Investors today have more options than ever before, not just when it comes to potential assets, but also in how they invest. This isn’t necessarily relevant to long-term investors who are used to trading in traditional markets. Many who are just starting out, however, and particularly young people who may be looking for interesting alternatives from the outset, might ultimately lean toward something newer or more accessible. Sometimes these are nice strategic options, and sometimes they may be better left alone. At any rate, in this piece we’ll present brief assessments of some of the methods and opportunities we’re talking about.
Stock Trading Apps
It was only a matter of time before stock trading via app became a popular alternative, though we might not have predicted how many brand new services would be offered. Among the best trading apps available, there are mobile versions of trusted brokerage firms like TD Ameritrade, but also relatively new companies like Robinhood and Acorn that are specifically designed to make the process cheaper and easier, for beginners and likely younger people to take advantage of. All in all, assessing this category depends somewhat on the specific app at hand. By and large though, these apps are making the markets more accessible, which is a good thing. There’s some risk of people assuming things will be easier than they actually are when starting off on these apps, so it’s important for users to remain cautious and studious in their approaches. However, these apps can certainly be useful.
The cryptocurrency trade is another fairly new phenomenon, and it too operates largely through apps (though there are desktop platforms and some other methods for buying and selling cryptos as well). The actual investment concept here is different, however, and more akin to forex trading, or buying precious metals and commodities. Basically, one hopes to buy and hold a given cryptocurrency, and eventually sell it for more than it was worth upon purchase. The fact that this activity is so accessible is not a bad thing for beginning investors, as a little bit of commodity trading can be a nice way to diversify one’s investment strategies. Specifically though, cryptos are so volatile that there’s also something of a “buyer beware” mentality surrounding them of late.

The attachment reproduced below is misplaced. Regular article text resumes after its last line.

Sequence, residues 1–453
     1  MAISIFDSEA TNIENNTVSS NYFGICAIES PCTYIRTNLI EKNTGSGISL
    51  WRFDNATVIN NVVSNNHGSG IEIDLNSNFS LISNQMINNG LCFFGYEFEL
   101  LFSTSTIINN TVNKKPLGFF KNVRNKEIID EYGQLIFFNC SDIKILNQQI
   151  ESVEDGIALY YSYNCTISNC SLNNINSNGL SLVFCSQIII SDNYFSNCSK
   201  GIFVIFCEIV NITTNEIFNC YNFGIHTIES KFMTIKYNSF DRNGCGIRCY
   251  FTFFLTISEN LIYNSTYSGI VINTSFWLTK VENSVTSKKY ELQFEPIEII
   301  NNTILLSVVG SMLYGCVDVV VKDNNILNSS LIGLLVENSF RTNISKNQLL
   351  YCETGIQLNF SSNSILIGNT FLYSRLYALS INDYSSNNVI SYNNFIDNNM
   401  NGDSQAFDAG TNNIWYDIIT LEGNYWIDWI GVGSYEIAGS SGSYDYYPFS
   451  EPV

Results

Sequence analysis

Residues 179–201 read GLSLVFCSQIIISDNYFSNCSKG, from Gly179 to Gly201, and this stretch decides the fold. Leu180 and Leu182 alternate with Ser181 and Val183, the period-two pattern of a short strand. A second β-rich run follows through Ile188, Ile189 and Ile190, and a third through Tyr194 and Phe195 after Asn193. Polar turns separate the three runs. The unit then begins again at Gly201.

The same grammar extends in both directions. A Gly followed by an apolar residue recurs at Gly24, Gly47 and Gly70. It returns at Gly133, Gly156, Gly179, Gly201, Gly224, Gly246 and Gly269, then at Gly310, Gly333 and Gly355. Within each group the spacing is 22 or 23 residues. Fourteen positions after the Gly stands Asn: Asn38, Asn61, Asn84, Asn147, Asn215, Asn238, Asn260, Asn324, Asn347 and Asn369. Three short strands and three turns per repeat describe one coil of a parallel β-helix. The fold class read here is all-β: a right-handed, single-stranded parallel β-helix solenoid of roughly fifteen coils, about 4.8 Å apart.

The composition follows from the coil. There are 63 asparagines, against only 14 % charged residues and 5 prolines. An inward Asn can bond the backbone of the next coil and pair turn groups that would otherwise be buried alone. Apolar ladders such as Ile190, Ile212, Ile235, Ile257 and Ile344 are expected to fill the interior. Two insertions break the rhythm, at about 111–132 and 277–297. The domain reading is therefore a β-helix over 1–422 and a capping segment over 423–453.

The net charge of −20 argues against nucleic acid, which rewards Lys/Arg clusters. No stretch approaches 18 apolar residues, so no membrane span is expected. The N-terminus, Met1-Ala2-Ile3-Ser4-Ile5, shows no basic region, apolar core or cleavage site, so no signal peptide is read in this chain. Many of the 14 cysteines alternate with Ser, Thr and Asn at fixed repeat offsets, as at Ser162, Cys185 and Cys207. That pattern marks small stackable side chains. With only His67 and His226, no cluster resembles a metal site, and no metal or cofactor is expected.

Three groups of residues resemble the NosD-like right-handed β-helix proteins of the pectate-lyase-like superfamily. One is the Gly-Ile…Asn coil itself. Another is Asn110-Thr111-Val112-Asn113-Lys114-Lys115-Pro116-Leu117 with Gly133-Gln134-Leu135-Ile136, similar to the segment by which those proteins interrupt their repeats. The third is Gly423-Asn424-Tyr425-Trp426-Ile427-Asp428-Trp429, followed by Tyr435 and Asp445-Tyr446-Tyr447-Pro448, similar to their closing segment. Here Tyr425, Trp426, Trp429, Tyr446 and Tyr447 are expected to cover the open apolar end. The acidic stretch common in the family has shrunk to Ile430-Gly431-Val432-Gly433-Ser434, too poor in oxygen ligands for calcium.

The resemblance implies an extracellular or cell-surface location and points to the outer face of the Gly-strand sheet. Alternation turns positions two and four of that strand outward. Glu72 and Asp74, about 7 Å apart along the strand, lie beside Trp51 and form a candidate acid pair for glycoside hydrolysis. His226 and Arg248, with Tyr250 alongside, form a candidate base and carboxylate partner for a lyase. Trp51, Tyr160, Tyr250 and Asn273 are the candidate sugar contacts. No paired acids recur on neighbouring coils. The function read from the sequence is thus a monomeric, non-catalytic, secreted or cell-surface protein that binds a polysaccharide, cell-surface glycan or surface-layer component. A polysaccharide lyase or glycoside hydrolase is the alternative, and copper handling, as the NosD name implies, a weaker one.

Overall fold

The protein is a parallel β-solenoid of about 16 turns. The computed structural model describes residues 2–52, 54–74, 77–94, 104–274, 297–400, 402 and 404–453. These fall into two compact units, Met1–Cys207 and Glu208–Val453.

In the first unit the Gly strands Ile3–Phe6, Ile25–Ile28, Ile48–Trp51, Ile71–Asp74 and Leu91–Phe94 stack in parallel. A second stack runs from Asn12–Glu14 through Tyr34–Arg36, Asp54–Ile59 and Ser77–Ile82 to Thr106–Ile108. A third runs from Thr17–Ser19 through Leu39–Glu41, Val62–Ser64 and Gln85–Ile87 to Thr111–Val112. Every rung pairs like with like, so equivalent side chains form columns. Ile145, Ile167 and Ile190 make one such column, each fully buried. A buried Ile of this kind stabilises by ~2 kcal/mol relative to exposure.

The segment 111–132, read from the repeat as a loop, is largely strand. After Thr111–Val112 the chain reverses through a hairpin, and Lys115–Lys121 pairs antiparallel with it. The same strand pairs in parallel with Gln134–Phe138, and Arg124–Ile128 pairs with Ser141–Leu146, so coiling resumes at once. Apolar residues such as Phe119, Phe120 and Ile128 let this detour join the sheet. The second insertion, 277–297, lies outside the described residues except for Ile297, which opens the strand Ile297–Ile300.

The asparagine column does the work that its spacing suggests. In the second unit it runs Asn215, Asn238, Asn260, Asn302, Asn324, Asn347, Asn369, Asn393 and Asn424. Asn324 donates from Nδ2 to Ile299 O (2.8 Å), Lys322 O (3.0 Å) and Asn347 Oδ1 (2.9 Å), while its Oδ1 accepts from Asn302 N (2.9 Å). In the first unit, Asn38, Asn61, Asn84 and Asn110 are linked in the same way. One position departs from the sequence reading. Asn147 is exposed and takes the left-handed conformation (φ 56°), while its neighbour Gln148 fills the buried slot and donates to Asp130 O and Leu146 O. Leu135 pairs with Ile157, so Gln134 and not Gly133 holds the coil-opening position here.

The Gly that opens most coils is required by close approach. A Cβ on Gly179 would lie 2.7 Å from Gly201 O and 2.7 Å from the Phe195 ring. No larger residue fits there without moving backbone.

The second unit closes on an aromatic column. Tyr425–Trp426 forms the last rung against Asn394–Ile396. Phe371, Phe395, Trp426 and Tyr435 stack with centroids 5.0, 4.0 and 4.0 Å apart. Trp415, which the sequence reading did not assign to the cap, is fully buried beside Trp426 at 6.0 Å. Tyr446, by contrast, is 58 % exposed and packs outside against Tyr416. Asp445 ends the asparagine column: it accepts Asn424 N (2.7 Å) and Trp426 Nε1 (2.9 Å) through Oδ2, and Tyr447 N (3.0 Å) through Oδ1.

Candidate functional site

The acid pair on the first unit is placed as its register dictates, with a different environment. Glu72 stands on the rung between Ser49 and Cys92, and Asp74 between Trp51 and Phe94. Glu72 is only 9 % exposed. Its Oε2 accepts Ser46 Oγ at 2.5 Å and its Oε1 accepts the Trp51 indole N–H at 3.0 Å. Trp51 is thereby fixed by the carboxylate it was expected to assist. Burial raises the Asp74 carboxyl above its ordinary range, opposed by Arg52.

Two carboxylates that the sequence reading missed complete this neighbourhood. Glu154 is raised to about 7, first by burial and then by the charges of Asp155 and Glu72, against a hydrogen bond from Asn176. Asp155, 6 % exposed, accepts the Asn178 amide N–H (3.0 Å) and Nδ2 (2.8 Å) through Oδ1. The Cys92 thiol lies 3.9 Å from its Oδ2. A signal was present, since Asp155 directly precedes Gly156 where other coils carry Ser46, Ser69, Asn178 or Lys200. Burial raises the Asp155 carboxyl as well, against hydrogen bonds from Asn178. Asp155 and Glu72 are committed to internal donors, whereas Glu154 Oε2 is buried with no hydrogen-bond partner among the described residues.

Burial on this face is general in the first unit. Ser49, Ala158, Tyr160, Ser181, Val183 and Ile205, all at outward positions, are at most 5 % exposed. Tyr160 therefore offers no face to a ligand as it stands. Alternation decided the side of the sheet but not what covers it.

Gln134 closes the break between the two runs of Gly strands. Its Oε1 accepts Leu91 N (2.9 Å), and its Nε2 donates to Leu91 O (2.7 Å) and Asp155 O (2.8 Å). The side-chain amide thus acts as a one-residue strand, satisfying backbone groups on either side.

Betting, as most understand to some degree, is not exactly the same thing as investment. Generally speaking, there’s more chance involved, and betting is viewed more as a risk than a strategic financial maneuver. However, because secure, trusted, and regulated sites are becoming more prevalent, and access to them is getting easier (in some cases because of loosening gambling laws, but also because of improved apps), there are certainly some young people and beginning investors making a habit out of betting in search of financial gain. Generally speaking, this is an ill-advised activity if one goes about it as a means of investment. As a fun activity with the possibility of winnings, it’s up to each individual to determine whether or not betting is worth it. Just be clear about the distinction between activity and investment.
Venture capital can be defined in a few different ways, but it is essentially the purchase of a small stake in a budding company, in the hopes that that stake will be worth more as the company grows. This is a form of investment that some television shows like Shark Tank have helped to popularize, and accordingly, relative beginners are taking their shot at it. There are now services like Newchip that are basically designed to allow people to “invest in what they believe in” even if they don’t have the millions of dollars to start with that most professional venture capitalists have. Like any other form of investment, this carries significant risk, and a patient, strategic, and realistic approach is needed. Most companies seeking investment will not ultimately be worth much. That said, with the right approach, it’s a reasonable way to diversify one’s investments.